The following is the philosophy of Charles Schulz, the creator of the ‘Peanuts’ comic strip.
You don’t have to actually answer the questions. Just ponder on them.
Just read this post straight through, and you’ll get the point.

1. Name the five wealthiest people in the world.

2. Name the last five Heisman trophy winners.

3. Name the last five winners of the Miss America pageant.

4 Name ten people who have won the Nobel or Pulitzer Prize.

5. Name the last half dozen Academy Award winners for best actor and actress.

6. Name the last decade’s worth of World Series winners.

How did you do?
The point is, none of us remember the headliners of yesterday.
These are no second-rate achievers.
They are the best in their fields.
But the applause dies..
Awards tarnish..
Achievements are forgotten.
Accolades and certificates are buried with their owners.
Here’s another quiz. See how you do on this one:

1. List a few teachers who aided your journey through school.

2. Name three friends who have helped you through a difficult time.

3. Name five people who have taught you something worthwhile.

4. Think of a few people who have made you feel appreciated and special.

5. Think of five people you enjoy spending time with.
Easier?

The lesson: The people who make a difference in your life are not the ones with the most credentials, the most money…or the most awards.
They simply are the ones who care the most.

Are We Waiting for Superman?

TONYO MELENDEZ WRITES:

I saw a great movie today. Actually, it’s more than a movie; it’s a document. And more than a document, it is an indictment; a condemnation of the American educational system. This documentary shows us why we have gone from being the best educational system in the world down to the 27th out of the 30 industrialized nations in the world. The richest country in the world is producing the worst students.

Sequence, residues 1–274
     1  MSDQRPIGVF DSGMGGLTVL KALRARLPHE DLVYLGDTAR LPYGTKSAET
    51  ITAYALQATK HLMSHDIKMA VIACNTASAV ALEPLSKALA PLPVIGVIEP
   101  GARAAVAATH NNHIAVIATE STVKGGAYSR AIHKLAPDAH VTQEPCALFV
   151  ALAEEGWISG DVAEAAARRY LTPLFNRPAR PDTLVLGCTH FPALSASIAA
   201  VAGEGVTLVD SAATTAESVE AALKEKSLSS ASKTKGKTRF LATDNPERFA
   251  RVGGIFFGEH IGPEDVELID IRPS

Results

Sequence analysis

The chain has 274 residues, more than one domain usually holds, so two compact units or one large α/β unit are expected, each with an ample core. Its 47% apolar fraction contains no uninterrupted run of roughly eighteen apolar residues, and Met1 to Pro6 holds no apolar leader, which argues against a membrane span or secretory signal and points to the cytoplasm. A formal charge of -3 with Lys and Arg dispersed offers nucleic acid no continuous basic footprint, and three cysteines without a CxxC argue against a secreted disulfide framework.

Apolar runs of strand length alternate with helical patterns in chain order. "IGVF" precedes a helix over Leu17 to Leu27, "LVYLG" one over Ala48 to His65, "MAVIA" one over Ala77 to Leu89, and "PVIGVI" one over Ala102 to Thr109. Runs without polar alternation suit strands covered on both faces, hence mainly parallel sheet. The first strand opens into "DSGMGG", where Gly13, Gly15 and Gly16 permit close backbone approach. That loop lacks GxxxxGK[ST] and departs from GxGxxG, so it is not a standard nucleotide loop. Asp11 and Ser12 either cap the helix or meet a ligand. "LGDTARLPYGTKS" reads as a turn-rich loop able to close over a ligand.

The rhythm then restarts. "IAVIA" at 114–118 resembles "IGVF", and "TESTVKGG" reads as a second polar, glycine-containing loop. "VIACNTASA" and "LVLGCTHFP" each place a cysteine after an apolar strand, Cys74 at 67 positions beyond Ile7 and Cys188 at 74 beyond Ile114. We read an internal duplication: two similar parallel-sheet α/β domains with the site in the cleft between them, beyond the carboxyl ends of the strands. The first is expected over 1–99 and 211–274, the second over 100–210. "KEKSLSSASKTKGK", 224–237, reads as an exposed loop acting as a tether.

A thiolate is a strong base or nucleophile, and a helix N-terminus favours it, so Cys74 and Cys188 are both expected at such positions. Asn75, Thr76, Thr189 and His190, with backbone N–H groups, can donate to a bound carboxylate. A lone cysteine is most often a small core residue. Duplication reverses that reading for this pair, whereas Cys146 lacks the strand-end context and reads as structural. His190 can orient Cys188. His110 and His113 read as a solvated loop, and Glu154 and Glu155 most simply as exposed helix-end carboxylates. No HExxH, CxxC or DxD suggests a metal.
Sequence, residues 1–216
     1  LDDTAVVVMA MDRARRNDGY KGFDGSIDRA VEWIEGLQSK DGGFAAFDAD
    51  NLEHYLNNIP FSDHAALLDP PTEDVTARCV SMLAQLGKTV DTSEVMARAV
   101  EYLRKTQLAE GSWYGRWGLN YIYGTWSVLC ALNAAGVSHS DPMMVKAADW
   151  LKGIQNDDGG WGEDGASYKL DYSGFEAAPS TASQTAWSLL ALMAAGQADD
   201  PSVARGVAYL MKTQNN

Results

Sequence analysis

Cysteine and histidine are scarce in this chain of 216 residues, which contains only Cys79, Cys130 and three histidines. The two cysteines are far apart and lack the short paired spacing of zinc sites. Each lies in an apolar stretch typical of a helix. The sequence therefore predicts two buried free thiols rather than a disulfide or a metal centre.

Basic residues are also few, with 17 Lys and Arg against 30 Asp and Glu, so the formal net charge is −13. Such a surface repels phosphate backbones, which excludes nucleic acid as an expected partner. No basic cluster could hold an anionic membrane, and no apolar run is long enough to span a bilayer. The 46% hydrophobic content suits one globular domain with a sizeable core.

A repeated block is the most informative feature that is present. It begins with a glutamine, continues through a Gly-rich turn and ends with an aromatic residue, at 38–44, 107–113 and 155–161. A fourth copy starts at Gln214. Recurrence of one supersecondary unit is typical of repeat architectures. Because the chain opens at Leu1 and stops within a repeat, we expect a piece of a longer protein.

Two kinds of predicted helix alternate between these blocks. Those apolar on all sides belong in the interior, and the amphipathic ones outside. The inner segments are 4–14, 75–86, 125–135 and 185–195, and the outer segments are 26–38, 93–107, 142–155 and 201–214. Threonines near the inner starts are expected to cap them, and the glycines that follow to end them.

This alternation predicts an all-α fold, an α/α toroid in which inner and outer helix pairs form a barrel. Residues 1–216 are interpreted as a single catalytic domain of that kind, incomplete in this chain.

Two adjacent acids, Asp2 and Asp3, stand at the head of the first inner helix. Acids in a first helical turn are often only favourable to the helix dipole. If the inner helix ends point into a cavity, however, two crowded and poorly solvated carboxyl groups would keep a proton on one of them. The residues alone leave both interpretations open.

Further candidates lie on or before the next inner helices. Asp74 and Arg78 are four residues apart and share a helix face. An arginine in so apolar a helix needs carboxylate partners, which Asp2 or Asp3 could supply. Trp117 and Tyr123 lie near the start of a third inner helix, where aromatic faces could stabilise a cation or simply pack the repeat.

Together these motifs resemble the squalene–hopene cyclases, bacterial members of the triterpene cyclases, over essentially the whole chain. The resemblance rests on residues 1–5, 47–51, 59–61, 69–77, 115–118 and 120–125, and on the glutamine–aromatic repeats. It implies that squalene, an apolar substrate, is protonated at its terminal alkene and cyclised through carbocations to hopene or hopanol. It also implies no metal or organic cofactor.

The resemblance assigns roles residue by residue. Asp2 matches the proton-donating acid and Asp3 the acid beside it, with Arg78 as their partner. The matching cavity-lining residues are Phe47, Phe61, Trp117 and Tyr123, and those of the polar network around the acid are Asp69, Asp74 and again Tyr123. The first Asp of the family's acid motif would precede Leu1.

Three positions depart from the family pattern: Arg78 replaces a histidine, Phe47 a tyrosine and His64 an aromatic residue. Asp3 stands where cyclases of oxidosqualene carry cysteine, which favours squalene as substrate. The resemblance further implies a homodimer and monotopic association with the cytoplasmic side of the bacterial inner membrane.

Shame.

Why is this? The documentary shows that teachers are not doing their jobs. Specifically, union teachers who have put their interests ahead of those of the ones they are supposed to help; children.

At Learning is M.A.G.I.C., I am a teacher.  I admire teachers. The best ones are magical. Teachers hold in their hands the future of innocent children who put their trust in them. Teachers hold in their hands the future of America. Great teachers equal great country. They have my respect and my admiration.

The bad teachers are the ones responsible. They have given up on themselves and on their students. A 22-year old college graduate who enters the teaching profession can get tenure in two years. Many teachers, knowing they cannot be fired, just sit and collect their salaries for 40 years. “I don’t care if they learn,” a teacher is quoted saying in the film. What? You don’t care if your charges learn? But that’s your calling. It’s like a physician saying, “I don’t care if my patients die.”

In most professions, one is held to a simple standard: one does a good job, one gets paid. One does a bad job, one gets fired. Joe Hernandez, a retired principal and a friend of mine, once explained to me that the firing of a bad teacher is so Byzantine that principals have given up trying. Hurrah for the Teachers’ Union! They win another battle. But the battlefield is littered with the destroyed lives of children who give up on themselves because some teachers have given up on them.

How to fix it?